Chris O’Hare, GB number 1, not funded, photo by David Wearn
Laura Weightman, not funded, photo by David Wearn
In this week’s column, Paul Halford writes about the frustrations for many world class British athletes on funding by British Athletics and some of the peculiar decisions.
Winning a medal at a global championships can make or break an athlete’s career, but for British athletes the annual funding list decided by the governing body can be arguably just as crucial, by Paul Halford, for RunBlogRun
Each autumn British Athletics announces who will receive a portion of the funding from the National Lottery via UK Sport, as well as the support package that goes with it. Winning Olympic and Paralympic medals is the sole aim of the programme.
The sum involved for the top level of funding is up to Â£28,000, so being part of the programme can have a significant impact on one’s career and ability to focus on training. While this is often not the only source of income, sponsorship and prize money for all but the superstars of our sport is not huge, therefore being dropped from the plan is not too dissimilar to losing your job.
One name on last week’s new funding list raising eyebrows was that of multi-millionaire Mo Farah on the basis that he might, at the age of 37, decide to try to compete in Tokyo 2020. However, what British Athletics did not make clear is that he would be means-tested out of the financial allowance part of it.
Also causing controversy was who was missing. Laura Weightman, sixth at the World Championships having also reached the Rio final, was for a second year in succession frustrated to miss out.
Guy Learmonth, Britain’s second quickest 800m runner, was also denied, complaining that his decision to move away from the federation’s national performance centre and its paid coaches was the reason.
Marathoner Charlotte Purdue was omitted despite setting a PB this year and finishing 13th at the World Championships.
Harry Aikines-Aryeetey, a member of Britain’s World Championships-winning 4x100m squad, is among those who have submitted a formal appeal against his being dropped.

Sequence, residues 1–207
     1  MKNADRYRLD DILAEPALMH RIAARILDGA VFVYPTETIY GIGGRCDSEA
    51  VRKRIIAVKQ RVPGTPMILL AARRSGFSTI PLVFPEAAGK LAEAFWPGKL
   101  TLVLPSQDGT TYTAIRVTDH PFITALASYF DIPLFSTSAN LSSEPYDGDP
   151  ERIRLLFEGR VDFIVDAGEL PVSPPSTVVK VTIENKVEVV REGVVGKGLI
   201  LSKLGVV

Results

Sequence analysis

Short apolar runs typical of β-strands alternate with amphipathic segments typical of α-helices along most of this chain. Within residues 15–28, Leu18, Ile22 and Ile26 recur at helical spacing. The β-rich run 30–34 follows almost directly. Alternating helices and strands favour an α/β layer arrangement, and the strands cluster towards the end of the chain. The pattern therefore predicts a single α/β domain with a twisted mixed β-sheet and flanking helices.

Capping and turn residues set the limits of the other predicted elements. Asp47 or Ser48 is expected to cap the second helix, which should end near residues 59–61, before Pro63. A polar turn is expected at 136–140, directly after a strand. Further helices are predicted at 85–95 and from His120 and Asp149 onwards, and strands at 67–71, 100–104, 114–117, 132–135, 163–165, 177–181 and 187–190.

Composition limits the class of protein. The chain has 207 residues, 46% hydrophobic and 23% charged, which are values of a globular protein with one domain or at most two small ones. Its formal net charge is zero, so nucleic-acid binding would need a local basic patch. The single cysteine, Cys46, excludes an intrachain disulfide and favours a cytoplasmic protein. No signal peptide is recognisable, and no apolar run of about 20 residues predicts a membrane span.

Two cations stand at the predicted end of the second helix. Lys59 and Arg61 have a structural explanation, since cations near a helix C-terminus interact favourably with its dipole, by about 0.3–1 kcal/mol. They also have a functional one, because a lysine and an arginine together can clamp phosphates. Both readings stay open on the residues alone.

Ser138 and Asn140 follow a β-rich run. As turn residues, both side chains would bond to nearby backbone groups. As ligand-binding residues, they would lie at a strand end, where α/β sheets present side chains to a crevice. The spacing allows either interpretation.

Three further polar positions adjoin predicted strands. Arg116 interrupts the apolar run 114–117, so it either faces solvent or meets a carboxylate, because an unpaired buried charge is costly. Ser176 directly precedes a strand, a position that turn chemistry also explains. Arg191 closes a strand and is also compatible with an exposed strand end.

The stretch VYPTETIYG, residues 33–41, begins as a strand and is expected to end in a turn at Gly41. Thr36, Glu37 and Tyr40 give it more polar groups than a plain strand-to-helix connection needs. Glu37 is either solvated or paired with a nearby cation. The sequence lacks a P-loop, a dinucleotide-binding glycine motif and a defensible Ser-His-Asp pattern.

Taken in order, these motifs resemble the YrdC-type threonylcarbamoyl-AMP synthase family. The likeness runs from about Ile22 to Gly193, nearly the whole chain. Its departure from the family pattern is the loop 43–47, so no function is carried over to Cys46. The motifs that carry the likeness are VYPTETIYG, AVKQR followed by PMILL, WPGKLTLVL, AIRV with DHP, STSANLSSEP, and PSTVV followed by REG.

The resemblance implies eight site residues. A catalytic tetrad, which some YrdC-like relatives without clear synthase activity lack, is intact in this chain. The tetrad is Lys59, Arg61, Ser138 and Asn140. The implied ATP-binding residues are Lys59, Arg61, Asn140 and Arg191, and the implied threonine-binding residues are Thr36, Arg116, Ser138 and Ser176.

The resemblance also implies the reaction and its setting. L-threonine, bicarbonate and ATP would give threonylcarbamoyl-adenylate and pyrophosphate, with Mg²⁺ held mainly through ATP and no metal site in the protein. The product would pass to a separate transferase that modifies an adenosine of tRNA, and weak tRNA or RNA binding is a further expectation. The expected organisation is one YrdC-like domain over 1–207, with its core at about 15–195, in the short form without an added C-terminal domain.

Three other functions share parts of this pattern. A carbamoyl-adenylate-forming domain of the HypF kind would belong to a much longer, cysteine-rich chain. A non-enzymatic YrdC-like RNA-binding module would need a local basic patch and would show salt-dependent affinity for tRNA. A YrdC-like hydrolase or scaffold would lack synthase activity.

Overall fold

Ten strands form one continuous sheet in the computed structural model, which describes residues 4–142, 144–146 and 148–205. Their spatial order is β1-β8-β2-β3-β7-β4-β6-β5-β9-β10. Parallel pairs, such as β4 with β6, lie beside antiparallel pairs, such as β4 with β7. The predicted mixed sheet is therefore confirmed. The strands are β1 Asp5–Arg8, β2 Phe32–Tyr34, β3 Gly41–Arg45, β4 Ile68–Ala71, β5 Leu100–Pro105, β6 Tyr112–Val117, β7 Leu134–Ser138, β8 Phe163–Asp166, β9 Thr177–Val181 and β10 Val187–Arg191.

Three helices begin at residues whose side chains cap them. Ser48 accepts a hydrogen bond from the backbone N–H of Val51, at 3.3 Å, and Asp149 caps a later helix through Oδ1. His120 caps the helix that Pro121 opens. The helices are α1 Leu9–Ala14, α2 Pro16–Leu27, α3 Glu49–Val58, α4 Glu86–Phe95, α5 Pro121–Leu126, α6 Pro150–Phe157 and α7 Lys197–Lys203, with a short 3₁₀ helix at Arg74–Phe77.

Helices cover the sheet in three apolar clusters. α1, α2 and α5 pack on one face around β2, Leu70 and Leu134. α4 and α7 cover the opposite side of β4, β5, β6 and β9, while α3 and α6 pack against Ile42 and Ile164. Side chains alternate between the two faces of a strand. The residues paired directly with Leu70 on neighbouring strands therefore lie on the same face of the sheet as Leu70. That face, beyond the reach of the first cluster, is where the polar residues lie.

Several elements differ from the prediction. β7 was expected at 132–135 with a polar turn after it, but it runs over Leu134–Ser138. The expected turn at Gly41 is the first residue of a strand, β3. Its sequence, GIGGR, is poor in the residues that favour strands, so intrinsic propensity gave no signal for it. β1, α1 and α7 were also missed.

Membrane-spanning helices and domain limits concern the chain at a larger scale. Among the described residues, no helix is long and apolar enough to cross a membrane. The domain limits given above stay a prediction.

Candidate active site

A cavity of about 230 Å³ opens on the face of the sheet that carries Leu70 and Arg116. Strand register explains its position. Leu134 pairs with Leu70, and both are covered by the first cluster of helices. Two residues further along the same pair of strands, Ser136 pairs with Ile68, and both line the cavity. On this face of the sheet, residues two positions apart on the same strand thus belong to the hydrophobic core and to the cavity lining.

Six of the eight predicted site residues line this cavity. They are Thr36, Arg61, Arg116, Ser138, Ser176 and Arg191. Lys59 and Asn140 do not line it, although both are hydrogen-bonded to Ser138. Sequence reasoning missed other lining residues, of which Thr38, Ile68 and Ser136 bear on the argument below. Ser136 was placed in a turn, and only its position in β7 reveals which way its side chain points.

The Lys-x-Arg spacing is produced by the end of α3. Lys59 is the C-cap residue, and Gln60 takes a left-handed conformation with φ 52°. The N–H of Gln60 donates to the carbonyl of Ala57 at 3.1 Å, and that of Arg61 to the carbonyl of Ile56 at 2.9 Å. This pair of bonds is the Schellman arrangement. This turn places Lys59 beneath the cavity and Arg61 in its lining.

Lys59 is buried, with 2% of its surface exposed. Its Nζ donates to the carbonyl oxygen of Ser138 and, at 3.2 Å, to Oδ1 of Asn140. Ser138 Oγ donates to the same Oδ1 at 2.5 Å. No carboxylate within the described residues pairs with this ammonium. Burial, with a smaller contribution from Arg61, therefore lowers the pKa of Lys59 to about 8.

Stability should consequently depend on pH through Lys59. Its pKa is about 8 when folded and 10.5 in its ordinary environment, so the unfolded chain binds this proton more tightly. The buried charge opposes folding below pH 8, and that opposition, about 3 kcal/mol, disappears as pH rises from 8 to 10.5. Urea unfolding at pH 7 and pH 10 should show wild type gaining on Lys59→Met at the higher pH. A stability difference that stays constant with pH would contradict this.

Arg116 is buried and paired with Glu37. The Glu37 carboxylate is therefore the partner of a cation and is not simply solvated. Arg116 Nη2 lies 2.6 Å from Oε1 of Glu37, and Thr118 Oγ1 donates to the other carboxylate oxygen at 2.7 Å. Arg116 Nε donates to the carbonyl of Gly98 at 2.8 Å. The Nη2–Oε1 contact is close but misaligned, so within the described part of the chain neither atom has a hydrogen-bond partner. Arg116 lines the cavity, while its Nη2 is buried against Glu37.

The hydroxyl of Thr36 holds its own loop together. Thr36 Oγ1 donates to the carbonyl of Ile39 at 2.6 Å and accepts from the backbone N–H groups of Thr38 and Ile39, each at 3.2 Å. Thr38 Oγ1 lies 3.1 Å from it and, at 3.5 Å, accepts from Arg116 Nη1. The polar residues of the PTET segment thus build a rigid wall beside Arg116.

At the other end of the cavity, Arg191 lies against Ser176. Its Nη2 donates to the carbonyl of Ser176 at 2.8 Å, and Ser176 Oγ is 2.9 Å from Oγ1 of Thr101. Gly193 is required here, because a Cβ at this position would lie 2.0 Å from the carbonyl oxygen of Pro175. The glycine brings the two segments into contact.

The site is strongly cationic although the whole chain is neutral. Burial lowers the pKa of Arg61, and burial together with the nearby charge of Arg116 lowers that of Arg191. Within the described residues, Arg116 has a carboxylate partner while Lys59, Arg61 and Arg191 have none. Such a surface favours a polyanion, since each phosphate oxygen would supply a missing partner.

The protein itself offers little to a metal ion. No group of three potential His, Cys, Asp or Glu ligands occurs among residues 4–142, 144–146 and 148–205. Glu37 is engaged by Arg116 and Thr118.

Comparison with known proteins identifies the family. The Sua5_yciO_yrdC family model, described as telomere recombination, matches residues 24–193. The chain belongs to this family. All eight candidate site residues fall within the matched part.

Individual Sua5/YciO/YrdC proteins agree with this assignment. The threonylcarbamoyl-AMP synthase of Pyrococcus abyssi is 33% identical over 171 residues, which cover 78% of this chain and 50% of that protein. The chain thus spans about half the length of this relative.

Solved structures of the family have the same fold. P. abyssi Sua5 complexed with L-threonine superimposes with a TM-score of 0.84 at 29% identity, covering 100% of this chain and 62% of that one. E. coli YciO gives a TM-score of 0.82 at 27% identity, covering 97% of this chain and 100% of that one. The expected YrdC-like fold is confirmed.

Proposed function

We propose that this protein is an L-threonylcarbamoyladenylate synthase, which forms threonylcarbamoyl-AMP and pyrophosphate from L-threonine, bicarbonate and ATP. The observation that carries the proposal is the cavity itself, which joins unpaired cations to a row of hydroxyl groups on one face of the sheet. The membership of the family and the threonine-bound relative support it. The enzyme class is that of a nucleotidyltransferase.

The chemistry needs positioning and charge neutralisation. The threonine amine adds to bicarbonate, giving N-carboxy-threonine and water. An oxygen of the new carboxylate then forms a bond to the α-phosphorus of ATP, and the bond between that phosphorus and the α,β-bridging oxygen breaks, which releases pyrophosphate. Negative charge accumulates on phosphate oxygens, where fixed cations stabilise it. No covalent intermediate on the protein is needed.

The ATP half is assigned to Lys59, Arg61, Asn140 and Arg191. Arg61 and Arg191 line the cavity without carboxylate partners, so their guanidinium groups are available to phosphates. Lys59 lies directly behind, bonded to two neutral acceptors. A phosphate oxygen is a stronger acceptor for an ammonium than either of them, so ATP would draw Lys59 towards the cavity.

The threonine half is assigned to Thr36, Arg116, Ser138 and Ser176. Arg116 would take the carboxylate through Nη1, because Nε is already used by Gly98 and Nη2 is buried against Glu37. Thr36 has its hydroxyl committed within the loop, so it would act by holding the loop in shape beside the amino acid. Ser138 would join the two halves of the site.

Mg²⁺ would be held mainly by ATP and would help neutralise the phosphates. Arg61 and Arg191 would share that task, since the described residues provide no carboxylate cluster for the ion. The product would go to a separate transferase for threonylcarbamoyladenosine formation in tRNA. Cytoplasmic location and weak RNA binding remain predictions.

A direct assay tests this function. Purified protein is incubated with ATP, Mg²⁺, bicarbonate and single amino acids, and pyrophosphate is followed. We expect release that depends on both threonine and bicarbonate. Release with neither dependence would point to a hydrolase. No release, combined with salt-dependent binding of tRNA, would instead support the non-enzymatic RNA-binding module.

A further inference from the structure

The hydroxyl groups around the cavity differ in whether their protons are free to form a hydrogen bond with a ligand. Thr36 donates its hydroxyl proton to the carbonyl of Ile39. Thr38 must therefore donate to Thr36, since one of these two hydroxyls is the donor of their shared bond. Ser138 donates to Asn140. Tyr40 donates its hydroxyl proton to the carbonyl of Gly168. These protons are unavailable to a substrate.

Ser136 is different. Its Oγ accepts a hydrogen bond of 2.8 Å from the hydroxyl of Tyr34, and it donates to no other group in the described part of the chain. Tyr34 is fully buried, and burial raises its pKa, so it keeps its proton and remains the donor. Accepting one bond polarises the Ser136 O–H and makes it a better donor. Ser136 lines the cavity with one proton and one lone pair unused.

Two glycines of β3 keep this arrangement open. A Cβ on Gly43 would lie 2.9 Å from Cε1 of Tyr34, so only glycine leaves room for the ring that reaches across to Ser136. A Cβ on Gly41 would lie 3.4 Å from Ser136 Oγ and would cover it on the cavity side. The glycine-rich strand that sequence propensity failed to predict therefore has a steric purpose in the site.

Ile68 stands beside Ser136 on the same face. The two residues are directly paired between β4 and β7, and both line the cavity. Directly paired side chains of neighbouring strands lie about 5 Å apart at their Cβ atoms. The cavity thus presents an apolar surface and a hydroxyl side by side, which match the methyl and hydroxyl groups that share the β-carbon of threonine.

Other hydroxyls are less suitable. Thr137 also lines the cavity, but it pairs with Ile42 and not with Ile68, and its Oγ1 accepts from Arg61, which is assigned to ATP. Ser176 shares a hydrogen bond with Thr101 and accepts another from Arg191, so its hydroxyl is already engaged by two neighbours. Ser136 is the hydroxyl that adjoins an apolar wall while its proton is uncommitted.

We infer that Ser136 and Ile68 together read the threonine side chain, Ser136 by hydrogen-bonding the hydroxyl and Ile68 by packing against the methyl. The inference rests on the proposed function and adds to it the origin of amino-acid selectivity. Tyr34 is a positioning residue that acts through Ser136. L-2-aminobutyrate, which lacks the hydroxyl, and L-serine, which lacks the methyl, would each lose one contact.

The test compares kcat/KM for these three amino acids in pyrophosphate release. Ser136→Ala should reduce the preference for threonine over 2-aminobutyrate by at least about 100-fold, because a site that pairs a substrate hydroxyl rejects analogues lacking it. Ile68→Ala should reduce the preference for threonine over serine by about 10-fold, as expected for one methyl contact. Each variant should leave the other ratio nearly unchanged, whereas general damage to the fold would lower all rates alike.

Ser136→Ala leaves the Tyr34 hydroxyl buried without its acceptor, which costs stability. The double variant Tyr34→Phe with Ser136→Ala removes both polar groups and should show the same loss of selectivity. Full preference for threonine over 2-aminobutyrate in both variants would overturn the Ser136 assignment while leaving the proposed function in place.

Chris O’Hare, Britain’s 1500m No.1 who made the World final this year, also missed out.
The programme is not very forgiving of athletes who have a below-par season, perhaps because of injury, as Kate Avery, Chris Baker, Meghan Beesley, Alexandra Bell, Chris Bennett, Dan Bramble, Tom Farrell, Jade Lally, Scott Lincoln and Isobel Poole all found out.
Of course, British athletes have it good compared to their counterparts from a number of countries and I doubt there is a perfect system. However, one issue a lot of track and field purists have with the British system is that it’s all about Olympic medals – as driven by the paymasters, UK Sport.
The vast majority of the public barely tuning in more than once every four years only see the medals and often perceive fourth as failure – even if the athlete performed out of their skin on the day. However, those of us in the sport judge success by looking at points tables at more than one championships and by looking even wider than that. If you pile so much investment into certain events because the nation has won medals in them in the past, the standards in the weaker disciplines are surely going to get worse.
After four of Britain’s six medals at the 2017 World Championships coming from relays, British Athletics included 30 sprinters (100m, 200m, 400m) in the 63 on the Olympic funding programme. Including the relays, that’s 30 athletes over 10 events. The other 33 athletes are spread over 37 events.
Relay medals are just as important as individuals ones – although not everyone would agree – but on the basis of the above, they’re costing at least four times as much.
Also, with Paralympic medals given equal weight, 49 of the 112 total are on the para funding programme. On the 2009 funding list, 99 of the 131 athletes funded were on the Olympic programme, meaning that non-para athletes have to be better than ever in order to be funded.
I appreciate there is only a certain amount of money to go around, but it would be better in my view to see the funding spread over a wider range of athletes. No one can predict with certainty which athletes will succeed, so the all-or-nothing approach is too hit-and-miss. Athletes have off-years and should be given time to improve. Hand over smaller amounts to a greater volume of athletes and let the ones with the talent and the drive shine through.